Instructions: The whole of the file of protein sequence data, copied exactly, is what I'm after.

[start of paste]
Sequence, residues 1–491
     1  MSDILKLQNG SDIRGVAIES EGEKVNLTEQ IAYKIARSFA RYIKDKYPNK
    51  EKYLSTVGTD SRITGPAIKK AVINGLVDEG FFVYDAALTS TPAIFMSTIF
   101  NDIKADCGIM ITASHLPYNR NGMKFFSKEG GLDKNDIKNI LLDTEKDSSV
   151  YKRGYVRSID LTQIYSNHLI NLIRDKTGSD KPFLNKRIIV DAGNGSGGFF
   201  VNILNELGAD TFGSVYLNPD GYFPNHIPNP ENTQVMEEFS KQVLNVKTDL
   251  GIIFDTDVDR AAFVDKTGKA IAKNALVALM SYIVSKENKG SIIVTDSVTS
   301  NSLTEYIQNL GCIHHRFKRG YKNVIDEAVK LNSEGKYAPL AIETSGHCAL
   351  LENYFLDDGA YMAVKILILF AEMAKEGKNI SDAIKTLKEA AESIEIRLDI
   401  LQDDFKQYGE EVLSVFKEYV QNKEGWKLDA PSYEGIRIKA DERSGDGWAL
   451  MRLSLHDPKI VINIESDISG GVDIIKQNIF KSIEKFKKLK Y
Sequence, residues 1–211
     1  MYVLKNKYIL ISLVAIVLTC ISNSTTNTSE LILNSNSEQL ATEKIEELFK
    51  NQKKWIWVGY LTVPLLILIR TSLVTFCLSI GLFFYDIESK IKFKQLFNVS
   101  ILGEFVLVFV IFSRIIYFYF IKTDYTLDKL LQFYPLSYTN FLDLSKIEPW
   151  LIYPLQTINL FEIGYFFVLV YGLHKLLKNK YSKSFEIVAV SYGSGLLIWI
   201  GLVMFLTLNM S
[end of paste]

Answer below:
Sequence, residues 1–491
     1  MSDILKLQNG SDIRGVAIES EGEKVNLTEQ IAYKIARSFA RYIKDKYPNK
    51  EKYLSTVGTD SRITGPAIKK AVINGLVDEG FFVYDAALTS TPAIFMSTIF
   101  NDIKADCGIM ITASHLPYNR NGMKFFSKEG GLDKNDIKNI LLDTEKDSSV
   151  YKRGYVRSID LTQIYSNHLI NLIRDKTGSD KPFLNKRIIV DAGNGSGGFF
   201  VNILNELGAD TFGSVYLNPD GYFPNHIPNP ENTQVMEEFS KQVLNVKTDL
   251  GIIFDTDVDR AAFVDKTGKA IAKNALVALM SYIVSKENKG SIIVTDSVTS
   301  NSLTEYIQNL GCIHHRFKRG YKNVIDEAVK LNSEGKYAPL AIETSGHCAL
   351  LENYFLDDGA YMAVKILILF AEMAKEGKNI SDAIKTLKEA AESIEIRLDI
   401  LQDDFKQYGE EVLSVFKEYV QNKEGWKLDA PSYEGIRIKA DERSGDGWAL
   451  MRLSLHDPKI VINIESDISG GVDIIKQNIF KSIEKFKKLK Y
Sequence, residues 1–211
     1  MYVLKNKYIL ISLVAIVLTC ISNSTTNTSE LILNSNSEQL ATEKIEELFK
    51  NQKKWIWVGY LTVPLLILIR TSLVTFCLSI GLFFYDIESK IKFKQLFNVS
   101  ILGEFVLVFV IFSRIIYFYF IKTDYTLDKL LQFYPLSYTN FLDLSKIEPW
   151  LIYPLQTINL FEIGYFFVLV YGLHKLLKNK YSKSFEIVAV SYGSGLLIWI
   201  GLVMFLTLNM S